[EM] More issue-dimensions. Answer to an objection.
email9648742 at gmail.com
Sat Oct 29 17:47:25 PDT 2016
That's a strategy for when you have some information about who or where the
CW is, where the voter-median is, or some information about other voters'
ratings (...which could be available from the previous election).
With that information, and with n issue-dimensions, I guess things can get
a bit complicated.
Of course this is just my preliminary reply to your posting, I having just
now found it.
This is more complicated a situation than what I was looking at, but this
topic is interesting to me, even when it gets complicated.
I was just assuming 0-info, no knowledge about the other voters, the CW, or
the voter-median (other than what can be inferred about the approximate
merit-range of what the voters want, inferred from the range of
candidate-merits). So I was making it simpler. But I'm interested in every
aspect of Approval-strategy, including the not-0-info situation you discuss.
On Sat, Oct 29, 2016 at 7:53 PM, Forest Simmons <fsimmons at pcc.edu> wrote:
> Suppose that issue space is a sphere of any dimension and the candidates
> are uniformly (and fairly densely) distributed within the sphere, with one
> candidate C at or very near the center of the sphere..
> Let X be the candidate that you like least, and Y be the candidate that
> you like best.
> Suppose that intuitively you rate these candidates at 100 percent and zero
> respectively, and rate all other candidates by linear interpolation based
> on their distances from you:.
> score(Z)= (distY - dist Z)/(distY - distX) .
> If you have an estimate of your distance r from the center C, then (under
> the above assumption of intuitive rating based on issue space distance) the
> center candidate will have a ratingon your ballot of 1/(1+r/R) , where R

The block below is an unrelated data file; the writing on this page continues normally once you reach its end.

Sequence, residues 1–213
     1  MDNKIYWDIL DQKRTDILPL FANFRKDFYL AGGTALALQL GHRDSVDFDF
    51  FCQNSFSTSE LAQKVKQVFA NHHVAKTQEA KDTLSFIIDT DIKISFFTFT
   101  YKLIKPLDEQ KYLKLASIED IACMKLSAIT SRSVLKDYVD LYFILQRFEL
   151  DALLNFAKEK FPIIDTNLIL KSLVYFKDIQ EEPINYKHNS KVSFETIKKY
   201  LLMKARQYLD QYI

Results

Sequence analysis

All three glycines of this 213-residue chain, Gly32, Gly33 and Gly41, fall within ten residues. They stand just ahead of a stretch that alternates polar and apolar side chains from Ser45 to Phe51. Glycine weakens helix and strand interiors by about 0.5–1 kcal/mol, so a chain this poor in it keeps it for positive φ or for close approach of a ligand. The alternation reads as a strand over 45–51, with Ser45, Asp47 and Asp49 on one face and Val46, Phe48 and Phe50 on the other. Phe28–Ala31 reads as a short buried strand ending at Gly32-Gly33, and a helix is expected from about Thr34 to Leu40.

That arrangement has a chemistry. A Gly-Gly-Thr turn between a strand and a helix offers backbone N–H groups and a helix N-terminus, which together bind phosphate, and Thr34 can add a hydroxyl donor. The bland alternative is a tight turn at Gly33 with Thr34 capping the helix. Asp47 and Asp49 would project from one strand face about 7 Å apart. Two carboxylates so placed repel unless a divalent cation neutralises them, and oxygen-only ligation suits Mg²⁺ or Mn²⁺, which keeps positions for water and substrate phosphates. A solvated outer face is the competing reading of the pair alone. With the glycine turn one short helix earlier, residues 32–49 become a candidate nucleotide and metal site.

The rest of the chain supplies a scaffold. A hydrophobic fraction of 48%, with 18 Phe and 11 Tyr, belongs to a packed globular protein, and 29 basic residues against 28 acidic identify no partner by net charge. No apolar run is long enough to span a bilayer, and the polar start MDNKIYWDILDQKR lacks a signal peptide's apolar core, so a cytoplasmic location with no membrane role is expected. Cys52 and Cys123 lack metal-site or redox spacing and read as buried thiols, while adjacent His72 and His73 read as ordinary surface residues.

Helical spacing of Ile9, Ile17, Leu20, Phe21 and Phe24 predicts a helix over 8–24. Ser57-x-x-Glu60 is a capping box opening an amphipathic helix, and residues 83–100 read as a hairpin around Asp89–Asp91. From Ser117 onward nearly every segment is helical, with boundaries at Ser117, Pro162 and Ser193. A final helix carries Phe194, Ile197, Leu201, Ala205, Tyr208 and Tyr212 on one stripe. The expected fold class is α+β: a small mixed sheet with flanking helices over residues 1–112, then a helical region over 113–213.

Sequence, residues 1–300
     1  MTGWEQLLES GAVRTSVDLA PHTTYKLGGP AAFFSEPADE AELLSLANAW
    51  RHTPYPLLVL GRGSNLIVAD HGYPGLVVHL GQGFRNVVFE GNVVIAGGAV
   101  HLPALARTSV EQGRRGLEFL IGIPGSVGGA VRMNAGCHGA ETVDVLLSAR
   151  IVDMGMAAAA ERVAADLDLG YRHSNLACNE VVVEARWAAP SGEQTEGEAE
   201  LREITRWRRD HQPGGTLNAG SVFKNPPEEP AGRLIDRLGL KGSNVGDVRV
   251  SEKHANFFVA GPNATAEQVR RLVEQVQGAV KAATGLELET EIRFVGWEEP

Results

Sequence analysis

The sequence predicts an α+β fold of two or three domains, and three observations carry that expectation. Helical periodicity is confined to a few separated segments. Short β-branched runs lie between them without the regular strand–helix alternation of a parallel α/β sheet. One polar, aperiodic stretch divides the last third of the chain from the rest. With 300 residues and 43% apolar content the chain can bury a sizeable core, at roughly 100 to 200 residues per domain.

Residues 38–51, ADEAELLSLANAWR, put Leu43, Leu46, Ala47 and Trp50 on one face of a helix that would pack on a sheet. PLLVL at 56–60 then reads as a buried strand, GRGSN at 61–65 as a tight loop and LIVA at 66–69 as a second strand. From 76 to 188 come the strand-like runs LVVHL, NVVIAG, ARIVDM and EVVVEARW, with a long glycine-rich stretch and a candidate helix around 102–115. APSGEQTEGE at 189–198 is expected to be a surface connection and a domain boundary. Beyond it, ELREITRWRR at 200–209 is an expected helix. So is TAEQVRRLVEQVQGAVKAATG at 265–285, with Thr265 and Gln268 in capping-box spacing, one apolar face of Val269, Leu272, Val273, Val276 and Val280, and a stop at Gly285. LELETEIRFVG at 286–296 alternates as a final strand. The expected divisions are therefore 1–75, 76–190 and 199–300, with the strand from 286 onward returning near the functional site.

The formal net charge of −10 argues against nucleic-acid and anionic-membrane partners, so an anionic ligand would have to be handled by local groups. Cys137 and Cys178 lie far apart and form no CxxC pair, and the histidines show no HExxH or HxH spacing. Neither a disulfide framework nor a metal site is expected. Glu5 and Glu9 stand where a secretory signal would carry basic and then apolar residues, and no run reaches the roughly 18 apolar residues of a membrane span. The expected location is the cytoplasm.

> is the radius of the sphere.
> So for example if r/R is 50%, i.e. you are half way out from the center to
> the boundary of the distribution, your rating of the CWs will be 1/1.5, or
> In that case you should approve every candidate that you rate above 66%.
> If you are way out on the periphery, then r/R will be 1, and your rating
> of the CW will be 1/(1+1) = 1/2, so you should approve all candidates that
> you rate at or above 50%.
> Since 1/(1+r/R) is never below 50%, you should never approve a candidate
> below the midrange of your ballot ratings.
> When I have more time I will show how to estimate r in three different
> (1) On the basis of what score s1 supporters of your most despised
> candidate give your favorite.
> (2) On the basis of how the supporters of the "most despised of your most
> despised" score your favorite, say s2..
> (3) On the basis of how you score s3 the most despised of your most
> It turns out that on the basis of estimates (1) and (2), your rating of
> the CW will be about 1/(1+s1 - s2).
> Since 1>s1>s2>0, this value can never be smaller than 1/2.
> On the basis of (3), your rating of the CW will be about 1 - (s3)/2, which
> can never be smaller than 1/2 since s3 is never greater than 1.
> So if you have information about s1, s2, and s3, you should approve every
> candidate that you rate above the minimum of (1 - .5s3) and 1/(1 + s1 - s2)
> The geometry is this: Your most despised A, and the most despised B of
> A's supporters, are endpoints (on the periphery of the sphere) of diameter
> that contains your position (near your favorite).
> Your ratings of them and their ratings of your favorite are functions of
> your distance from the center as a fraction of the radius R of the sphere.
> The above estimates of your rating of the CW come from working out the
> details, which I will give in a future post.
> Election-Methods mailing list - see http://electorama.com/em for list info
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